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Confounding of the Relation between Homocysteine and Peripheral Arterial Disease by Lead, Cadmium, and Renal Function *

Homocysteine levels are associated with peripheral arterial disease (PAD) in observational studies. Lead and cadmium are risk factors for PAD that affect thiol metabolism, and they may partly explain the association of homocysteine with PAD. To evaluate the roles of lead and cadmium exposure in confounding the association between homocysteine and PAD, the authors performed a cross-sectional study among 4,447 persons aged ≥40 years who participated in the 1999–2002 National Health and Nutrition Examination Survey (NHANES). PAD was defined as an ankle-brachial blood pressure index less than 0.90 in at least one leg. After adjustment for sociodemographic variables, the odds ratio for PAD in the highest quintile of homocysteine compared with the lowest was 1.92 (ptrend = 0.004). Adjusting for blood lead and cadmium levels reduced this odds ratio to 1.37 (ptrend = 0.13), and further adjusting for estimated glomerular filtration rate and smoking reduced it to 0.89 (ptrend = 0.87). Adjustment for other risk factors did not affect this association. In the general population, the association of homocysteine level with PAD can be completely explained by confounding due to smoking, increased blood lead and cadmium levels, and impaired renal function. The association of lead and cadmium with PAD risk deserves further investigation.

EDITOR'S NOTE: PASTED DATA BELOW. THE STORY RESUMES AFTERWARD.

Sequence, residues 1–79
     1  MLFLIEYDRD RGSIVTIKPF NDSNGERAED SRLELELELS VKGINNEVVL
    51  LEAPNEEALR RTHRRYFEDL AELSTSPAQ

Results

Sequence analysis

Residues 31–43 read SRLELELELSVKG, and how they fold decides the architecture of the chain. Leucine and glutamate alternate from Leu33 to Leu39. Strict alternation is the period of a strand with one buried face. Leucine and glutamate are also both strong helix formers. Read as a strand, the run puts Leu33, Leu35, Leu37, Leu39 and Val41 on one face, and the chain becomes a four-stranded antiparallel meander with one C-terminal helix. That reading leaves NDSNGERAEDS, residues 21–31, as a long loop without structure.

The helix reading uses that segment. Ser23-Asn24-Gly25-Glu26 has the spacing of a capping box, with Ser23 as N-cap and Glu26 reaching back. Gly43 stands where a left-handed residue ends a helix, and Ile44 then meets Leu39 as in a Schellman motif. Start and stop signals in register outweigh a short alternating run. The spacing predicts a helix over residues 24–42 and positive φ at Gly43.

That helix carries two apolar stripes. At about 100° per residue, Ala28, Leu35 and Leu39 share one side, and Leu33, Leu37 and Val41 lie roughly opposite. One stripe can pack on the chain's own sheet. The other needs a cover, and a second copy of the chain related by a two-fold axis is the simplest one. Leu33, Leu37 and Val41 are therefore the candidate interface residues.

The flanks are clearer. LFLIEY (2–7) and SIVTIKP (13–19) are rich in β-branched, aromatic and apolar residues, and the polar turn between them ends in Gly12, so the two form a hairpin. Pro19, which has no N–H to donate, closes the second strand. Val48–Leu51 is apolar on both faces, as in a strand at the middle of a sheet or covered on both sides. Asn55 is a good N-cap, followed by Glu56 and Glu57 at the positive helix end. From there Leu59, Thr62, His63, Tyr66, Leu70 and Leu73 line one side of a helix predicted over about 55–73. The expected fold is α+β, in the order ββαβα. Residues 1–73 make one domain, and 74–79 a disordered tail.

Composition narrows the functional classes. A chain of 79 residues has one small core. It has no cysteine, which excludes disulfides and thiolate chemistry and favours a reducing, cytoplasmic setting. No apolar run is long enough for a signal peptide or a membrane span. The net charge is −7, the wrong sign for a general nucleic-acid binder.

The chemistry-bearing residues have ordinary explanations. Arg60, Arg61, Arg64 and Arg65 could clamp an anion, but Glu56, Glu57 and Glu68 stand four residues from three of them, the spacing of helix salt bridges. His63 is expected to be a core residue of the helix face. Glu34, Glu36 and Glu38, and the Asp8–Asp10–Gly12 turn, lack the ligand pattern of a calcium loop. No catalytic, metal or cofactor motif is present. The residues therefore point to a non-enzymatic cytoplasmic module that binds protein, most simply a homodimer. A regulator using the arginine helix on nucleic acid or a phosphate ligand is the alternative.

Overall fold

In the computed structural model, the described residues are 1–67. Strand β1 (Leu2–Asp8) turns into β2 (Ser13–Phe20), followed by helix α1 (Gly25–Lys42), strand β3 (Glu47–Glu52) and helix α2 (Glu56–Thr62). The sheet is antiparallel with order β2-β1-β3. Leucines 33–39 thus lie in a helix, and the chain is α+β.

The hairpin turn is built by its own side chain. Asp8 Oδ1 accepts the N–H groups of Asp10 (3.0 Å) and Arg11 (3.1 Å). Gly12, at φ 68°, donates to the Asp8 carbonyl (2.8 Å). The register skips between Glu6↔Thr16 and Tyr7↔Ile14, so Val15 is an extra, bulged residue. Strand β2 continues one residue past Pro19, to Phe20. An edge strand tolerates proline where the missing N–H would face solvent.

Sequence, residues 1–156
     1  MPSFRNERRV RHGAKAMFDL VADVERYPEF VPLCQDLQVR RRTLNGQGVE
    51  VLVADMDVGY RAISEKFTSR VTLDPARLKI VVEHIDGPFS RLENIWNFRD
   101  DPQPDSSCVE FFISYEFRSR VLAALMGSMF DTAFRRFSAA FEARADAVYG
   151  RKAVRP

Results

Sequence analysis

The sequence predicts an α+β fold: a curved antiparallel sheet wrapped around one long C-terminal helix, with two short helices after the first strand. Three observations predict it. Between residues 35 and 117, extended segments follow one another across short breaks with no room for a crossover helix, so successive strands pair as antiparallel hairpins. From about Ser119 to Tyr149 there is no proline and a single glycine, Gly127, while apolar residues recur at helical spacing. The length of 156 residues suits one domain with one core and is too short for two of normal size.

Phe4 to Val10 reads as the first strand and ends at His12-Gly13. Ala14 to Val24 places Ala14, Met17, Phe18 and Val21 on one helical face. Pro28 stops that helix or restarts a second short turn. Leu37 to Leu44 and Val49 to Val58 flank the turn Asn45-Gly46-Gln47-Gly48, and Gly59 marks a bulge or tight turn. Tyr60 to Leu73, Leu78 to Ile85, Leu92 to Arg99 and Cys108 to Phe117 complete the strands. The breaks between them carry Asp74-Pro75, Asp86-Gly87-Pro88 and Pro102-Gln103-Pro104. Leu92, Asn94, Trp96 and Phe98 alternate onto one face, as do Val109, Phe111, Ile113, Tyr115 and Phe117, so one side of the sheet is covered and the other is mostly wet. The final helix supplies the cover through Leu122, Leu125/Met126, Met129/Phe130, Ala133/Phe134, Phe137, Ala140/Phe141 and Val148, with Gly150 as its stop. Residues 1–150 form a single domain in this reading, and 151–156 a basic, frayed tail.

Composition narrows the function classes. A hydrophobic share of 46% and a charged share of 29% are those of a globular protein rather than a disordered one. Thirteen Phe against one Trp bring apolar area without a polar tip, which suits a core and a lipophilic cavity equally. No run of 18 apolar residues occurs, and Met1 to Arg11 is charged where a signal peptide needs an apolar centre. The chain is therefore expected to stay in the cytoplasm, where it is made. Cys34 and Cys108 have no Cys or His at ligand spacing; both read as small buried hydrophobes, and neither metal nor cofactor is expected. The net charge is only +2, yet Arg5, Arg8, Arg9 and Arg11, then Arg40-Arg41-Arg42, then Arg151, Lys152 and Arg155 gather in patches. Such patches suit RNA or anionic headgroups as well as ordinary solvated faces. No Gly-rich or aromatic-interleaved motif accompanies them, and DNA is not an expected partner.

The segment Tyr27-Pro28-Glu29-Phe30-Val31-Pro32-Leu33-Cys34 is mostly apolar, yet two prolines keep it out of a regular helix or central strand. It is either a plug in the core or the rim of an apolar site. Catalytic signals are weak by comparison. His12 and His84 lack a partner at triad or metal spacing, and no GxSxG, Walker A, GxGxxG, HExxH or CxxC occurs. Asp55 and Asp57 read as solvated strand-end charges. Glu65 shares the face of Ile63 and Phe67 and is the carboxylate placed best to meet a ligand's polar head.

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As with any procedure, there could be pain or other substantial risks involved. These concerns should be discussed with your health care provider prior to any treatment so that you have proper informed consent and understand that there are no guarantees to healing.

THE INFORMATION IN THIS WEBSITE IS OFFERED FOR GENERAL EDUCATIONAL PURPOSES ONLY AND DOES NOT IMPLY OR GIVE MEDICAL ADVICE. No Doctor/Patient relationship shall be deemed to have arisen simply by reading the information contained on these pages, and you should consult with your personal physician/care giver regarding your medical treatment before undergoing any sort of treatment or therapy.

Published on 04-13-2009
Authors: Eliseo Guallar1,2, Ellen K. Silbergeld3, Ana Navas-Acien3, Saurabh Malhotra1, Brad C. Astor1,2, A. Richey Sharrett1 and Brian S. Schwartz1,3
Source: American Journal of Epidemiology Advance Access originally published online on February 16, 2006